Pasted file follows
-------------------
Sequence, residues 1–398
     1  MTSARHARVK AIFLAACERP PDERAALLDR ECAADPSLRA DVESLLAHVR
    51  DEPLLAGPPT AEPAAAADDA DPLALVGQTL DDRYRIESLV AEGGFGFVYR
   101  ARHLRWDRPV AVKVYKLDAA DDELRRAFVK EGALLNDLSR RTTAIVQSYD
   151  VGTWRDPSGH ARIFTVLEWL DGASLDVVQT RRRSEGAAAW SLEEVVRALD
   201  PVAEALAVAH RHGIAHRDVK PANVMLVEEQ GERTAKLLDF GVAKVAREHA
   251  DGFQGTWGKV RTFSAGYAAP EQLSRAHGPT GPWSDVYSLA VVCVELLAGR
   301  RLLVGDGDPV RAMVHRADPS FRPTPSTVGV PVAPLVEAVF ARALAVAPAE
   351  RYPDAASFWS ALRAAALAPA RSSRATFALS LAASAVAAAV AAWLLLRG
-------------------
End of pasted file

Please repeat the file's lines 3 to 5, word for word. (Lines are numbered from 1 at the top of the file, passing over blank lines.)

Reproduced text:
    51  DEPLLAGPPT AEPAAAADDA DPLALVGQTL DDRYRIESLV AEGGFGFVYR
   101  ARHLRWDRPV AVKVYKLDAA DDELRRAFVK EGALLNDLSR RTTAIVQSYD
   151  VGTWRDPSGH ARIFTVLEWL DGASLDVVQT RRRSEGAAAW SLEEVVRALD